Cristina Corbin and Catherine Herridge,
A former CIA case officer who faced extradition to Italy for her alleged role in the rendition of a radical Egyptian Muslim cleric is now free after Trump administration officials intervened, according to a source close to the discussions.
CIA Director Mike Pompeo lobbied his counterparts in Portugal and Italy on behalf of Sabrina De Sousa who was convicted in absentia along with 25 other Americans after the post-9/11 rendition of an Egyptian cleric. He was later found guilty on terrorism charges. The CIA had no comment on the case.
The source said Friday that Pompeo worked behind the scenes to show that, on his watch, no CIA case officer would be left behind for executing a mission authorized at the highest levels of U.S. government.
De Sousa called her release “a huge and a very welcome development” in a statement Friday.
“I want to extend my deepest appreciation to the Trump administration for all their efforts on my behalf,” she said. “Without their support I would be spending tonight in an Italian prison.”
Former Rep. Pete Hoekstra, R-Mich., who was once the Republican chairman on the House Intelligence Committee and who lobbied hard on behalf of DeSousa, told Fox News, “The Obama administration and former CIA Director John Brennan abandoned De Sousa the last seven years, and in six weeks, the Trump team made her freedom possible.”
The State Department declined to comment on several inquiries into the administration’s role in De Sousa’s release.
A White House official told Fox News on Friday the administration was “deeply disappointed in Ms. de Sousa’s conviction and sentence, and we, in conjunction with the State Department, followed her case closely and remained in touch.”
“We appreciate the efforts of the Italian Government to challenge the prosecution before the Italian Constitutional Court,” the official said. “The U.S. Government takes its obligation to assist U.S. citizens overseas seriously and we are pleased with the action the Italian Government decided to take.”
De Sousa won a last-minute reprieve on Wednesday, hours before she was set to be extradited for the kidnapping and interrogation of the Egyptian cleric, whose name is Osama Mustapha Hassan Nasr. He is also known as Abu Omar.
The 61-year-old mother was working in Italy as an undercover CIA officer in 2003 when U.S. and Italian intelligence agents snatched Omar off the streets of Milan and transported him to his native Egypt for interrogation. There, he says, he was tortured.
The operation was part of the CIA’s controversial “extraordinary rendition” program, implemented under President George W. Bush, which entailed taking terror suspects to countries where torture is allowed.
Omar — who turned out to be a “nobody,” according to De Sousa — was held at an American military base in Germany before being flown to Cairo, Egypt.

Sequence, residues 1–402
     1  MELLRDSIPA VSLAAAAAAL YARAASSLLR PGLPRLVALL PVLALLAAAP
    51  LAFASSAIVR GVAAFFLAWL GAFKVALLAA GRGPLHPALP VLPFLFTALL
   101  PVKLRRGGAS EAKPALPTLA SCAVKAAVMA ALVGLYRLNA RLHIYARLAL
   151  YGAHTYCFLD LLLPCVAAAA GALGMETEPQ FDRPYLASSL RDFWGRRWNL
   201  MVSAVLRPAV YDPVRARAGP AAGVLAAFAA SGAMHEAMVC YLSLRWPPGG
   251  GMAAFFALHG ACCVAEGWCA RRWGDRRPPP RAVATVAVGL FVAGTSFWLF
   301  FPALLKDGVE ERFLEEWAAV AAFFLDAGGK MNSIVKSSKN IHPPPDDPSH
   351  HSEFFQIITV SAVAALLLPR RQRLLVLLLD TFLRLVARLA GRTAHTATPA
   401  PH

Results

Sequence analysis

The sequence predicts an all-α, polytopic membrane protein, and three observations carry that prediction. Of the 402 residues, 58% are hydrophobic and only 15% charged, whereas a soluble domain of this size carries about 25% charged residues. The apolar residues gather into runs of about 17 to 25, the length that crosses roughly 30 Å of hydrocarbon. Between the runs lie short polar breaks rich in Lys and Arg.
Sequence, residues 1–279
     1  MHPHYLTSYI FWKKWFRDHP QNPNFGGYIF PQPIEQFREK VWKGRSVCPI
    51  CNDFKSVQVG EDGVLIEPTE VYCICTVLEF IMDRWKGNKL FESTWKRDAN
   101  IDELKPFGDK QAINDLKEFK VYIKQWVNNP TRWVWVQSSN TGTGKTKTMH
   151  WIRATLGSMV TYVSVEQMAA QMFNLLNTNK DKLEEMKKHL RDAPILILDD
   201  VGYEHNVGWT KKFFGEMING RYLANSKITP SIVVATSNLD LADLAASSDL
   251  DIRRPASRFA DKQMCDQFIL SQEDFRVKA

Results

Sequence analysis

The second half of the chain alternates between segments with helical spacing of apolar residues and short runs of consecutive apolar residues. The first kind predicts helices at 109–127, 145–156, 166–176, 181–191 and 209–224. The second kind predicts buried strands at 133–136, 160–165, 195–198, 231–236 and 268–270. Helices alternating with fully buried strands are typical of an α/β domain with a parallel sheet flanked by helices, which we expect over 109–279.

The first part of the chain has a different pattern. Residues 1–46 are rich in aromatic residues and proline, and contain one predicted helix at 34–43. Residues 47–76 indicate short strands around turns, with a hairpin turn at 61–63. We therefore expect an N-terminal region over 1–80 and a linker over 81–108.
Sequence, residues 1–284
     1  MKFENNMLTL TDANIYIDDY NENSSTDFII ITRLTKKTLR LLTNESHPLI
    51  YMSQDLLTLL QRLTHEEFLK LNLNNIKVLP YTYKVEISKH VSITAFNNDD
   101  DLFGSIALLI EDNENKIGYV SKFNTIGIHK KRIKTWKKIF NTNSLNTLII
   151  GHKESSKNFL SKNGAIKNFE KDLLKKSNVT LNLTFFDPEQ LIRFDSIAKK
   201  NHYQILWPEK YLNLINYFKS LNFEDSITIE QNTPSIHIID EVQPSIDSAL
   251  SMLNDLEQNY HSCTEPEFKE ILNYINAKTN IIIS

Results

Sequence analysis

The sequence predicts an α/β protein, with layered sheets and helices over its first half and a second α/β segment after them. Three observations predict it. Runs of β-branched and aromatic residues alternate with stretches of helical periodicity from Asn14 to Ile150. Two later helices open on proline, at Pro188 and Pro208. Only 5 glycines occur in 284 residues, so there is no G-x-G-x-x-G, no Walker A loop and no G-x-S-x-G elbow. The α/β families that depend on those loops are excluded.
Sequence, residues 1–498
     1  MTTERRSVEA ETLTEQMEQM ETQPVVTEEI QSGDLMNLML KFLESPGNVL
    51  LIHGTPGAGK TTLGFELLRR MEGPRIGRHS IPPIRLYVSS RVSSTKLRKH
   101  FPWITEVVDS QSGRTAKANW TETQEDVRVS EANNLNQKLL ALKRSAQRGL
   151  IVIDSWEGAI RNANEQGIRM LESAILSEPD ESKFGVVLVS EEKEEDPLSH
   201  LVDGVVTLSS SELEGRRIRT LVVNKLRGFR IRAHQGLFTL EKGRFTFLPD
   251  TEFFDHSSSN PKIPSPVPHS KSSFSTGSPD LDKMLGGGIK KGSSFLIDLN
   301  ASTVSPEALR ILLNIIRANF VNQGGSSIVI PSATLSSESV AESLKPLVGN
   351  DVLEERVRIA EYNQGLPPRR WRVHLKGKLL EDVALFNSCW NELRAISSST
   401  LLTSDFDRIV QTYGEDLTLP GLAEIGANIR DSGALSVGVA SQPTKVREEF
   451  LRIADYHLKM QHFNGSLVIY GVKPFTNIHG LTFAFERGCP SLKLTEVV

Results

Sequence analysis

After interrogation, he was released from prison for lack of prosecutable evidence against him. The Italians, however, convicted him in absentia of “criminal association for the purposes of international terrorism” and sentenced him to six years in prison — though he never served time.
De Sousa, meanwhile, said she was some 130 miles away in Madonna di Campiglio, Italy, chaperoning her son’s school ski trip, on the day Omar was abducted — and phone records obtained by Italian prosecutors corroborated that claim.
Still, Italy brought “broad charges” against her for a plot she says she had no direct part in.
The Italians also convicted in absentia 25 other Americans but several were since pardoned and none served time in prison.
De Sousa, who was born in India and holds both American and Portuguese passports, left the CIA in 2009 and moved to Portugal in April 2015 to be near family.
In October 2015, she was detained at Lisbon’s airport on a European arrest warrant while attempting to travel to India. She was later released but ordered to remain in Portugal.
The series of events that followed amount to an international legal nightmare.
Italy first sought extradition of De Sousa with the guarantee of a retrial or appeal with new evidence, acknowledging she had been tried in absentia. Based on these guarantees, the Portuguese courts agreed to extradite.
But in June 2016, Italy sent Portugal a letter saying De Sousa’s conviction was final, and no retrial would be granted. In a move that shocked De Sousa and others in the intelligence community, Portugal’s high court ordered her immediate extradition.
Hoekstra, working on behalf of De Sousa, appealed to Trump administration officials for help.
On Tuesday, De Sousa received a “partial pardon” from Italian President Sergio Mattarella for her alleged part in the operation.
Under Italian law, the sentence reduction — from four years to three — meant De Sousa did not have to be extradited to Italy and imprisoned afterall. She was released Wednesday afternoon from a prison in Portugal.
“I had an arrest warrant issued against me 11 long years ago that prevented me from seeing members of my immediate family in Europe,” De Sousa said in a statement to Fox News on Friday. “Finally, I can rest with the assurance there is no warrant hanging over my head.”
“In six short weeks, the Trump administration has given me more hope and support than I ever received in the past eight years from the Obama Administration or the CIA, my former employer,” she said. “I had feared that the country I signed up with in good faith to serve had abandoned me.”